• Through the Valley of the Nest of Spiders (2012)
  • Return to Neveryon Series (1979-1987)

Short Stories

  • “The Star Pit” (1967)
  • “Dog in a Fisherman’s Net” (1971)
  • “Corona” (1967)
  • “Driftglass” (1967)
  • “We, in Some Strange Power’s Employ, Move on a Rigorous Line” (1968)
  • “Cage of Brass” (1968)
  • “High Bier” (1968)
  • “time Considered as a Helix of Semi-Precious Stones” (1968)
  • “Night and the Loves of Joe Dicostanzo” (1970)
  • “Prismatica” (1977)
  • “Empire Star” (1966)
  • “Omegahelm” (1981)
  • “Ruins” (1981)
  • “Among the Blobs” (1988)
  • “Citre et Trans” (1993)
  • “Erik, Gwen, and D.H. Lawrence’s Esthetic of Unrectified Feeling” (1993)
  • “Atlantis: Model 1924” (1995)
  • “Tapestry” (2003)
  • “The Desert of Time” (1992)
  • “In The Valley of the Nest of Spiders” (2007)

If I had the opportunity to interview the author Samuel R Delany, I would ask him “Do you plan to conduct the rest of your interviews through written interviews?” In the interview with K. Leslie Steiner, he tells her he values written interviews because he is a writer. Being able to write “slows the thought processes down to where one can follow them and elaborate them”. Therefore, I believe he would say yes to this question because it creates a more meaningful, deeper interview, and he will know the interviewer has strong interest in his work. If someone wants to truly find out the person he is, they should interview him through writing. Another question I would ask him is “Should media turn towards written interviews?”. Based off the interview, I believe Delany would say yes to this question, because he believes you can discover the best information through writing because it is consisted of elaborated thoughts. Interviews would become valuable through written interviews.

I chose this author because the interview conducted by K. Leslie Steiner really caught my eye. I thought it was interesting to see why he valued written interviews. Delany values written interviews because it allows the interviewer and the interviewee think seriously about the topic. Writing allows them to break down and elaborate on their thoughts, making it easier to understand the person being interviewed. Personal interviews have the purpose of proposing unsuspected and embarrassing questions. Interviews are meant to discover valuable information, people want to know, and the best way to do that is writing it. Delany’s purpose for written interviews makes perfect sense to me.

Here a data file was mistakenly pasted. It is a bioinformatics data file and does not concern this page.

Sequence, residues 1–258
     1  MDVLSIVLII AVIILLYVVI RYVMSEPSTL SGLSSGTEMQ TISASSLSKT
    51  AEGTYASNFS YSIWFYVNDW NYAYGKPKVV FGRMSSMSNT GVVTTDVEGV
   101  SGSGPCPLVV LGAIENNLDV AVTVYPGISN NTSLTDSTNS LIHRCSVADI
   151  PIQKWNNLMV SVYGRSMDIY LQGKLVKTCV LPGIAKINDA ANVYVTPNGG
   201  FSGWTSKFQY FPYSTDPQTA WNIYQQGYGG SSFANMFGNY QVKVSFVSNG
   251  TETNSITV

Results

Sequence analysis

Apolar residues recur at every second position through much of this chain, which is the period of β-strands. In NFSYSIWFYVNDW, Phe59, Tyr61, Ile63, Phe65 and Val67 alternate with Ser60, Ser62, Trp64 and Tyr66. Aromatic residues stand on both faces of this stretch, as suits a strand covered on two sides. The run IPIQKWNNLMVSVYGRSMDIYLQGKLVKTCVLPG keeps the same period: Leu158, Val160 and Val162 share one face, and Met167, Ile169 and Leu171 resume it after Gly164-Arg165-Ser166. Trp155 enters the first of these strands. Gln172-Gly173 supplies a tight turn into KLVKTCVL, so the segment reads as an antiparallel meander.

Researching Samuel R Delany, I have found many websites giving useful information on this author. Listed below are the sites I have found.

The sites listed below give further information on Delany’s life and the works he has created. On the first given link, there are a list of all of Delany’s work, with summaries for each writing. It also provides a list of awards Delany has received over his career. The second link provides more information on Delany’s biography.

Hallie Atwell

Hallie Atwell

English 1110.01, MWF 9:10—10:05

Professor: Cathy Ryan

Assignment: Dalkey Archive

February 20, 2017

John Hawkes

            John Hawkes was a postmodern American novelist who received his education from Harvard University. In his interview with Patrick O’Donnell, he talked about meeting the teacher from this college who soon became his “mentor-teacher” and “mentor-publisher,” Albert Guerard. With this teacher, Hawkes completed his first work of fiction The Cannibal.  Although this was his first published novel, it was The Lime Twig, published twelve years later, that turned peoples’ attention to the author. However, Hawkes first began his writing career as an inexperienced poet, with a couple his poems published in The Harvard Advocate; he mainly wrote his poems about romantic notions of World War II in response to his fear of dying in the war. Soon thereafter, he shifted from writing poetry to fiction upon finding his passion for prose literature and the ability to write fiction better than the authors whom his wife influenced him to read. After hearing much debate at the time, Hawkes believed that fiction had taken over much of the function of poetry.

John Hawkes most popular works include:

This website, John Hawkes, provides a brief overview of these popular works of the author listed above, along with a portrait of the author and a link to online websites where these works can be bought or rented. I chose to write about John Hawkes because his interview with Patrick O’Donnell depicted him as different from some of the other authors. It first stuck out to me that he was a writer of fiction, the most appealing and interesting genre that I enjoy to read. He also mentioned an exercise in his freshman year of English at Harvard that he continued to use for years; this exercise was the “character sketch” that our class was able to experience in the beginning of the semester. This connection to John Hawkes was the deciding factor of the subject of my Dalkey essay.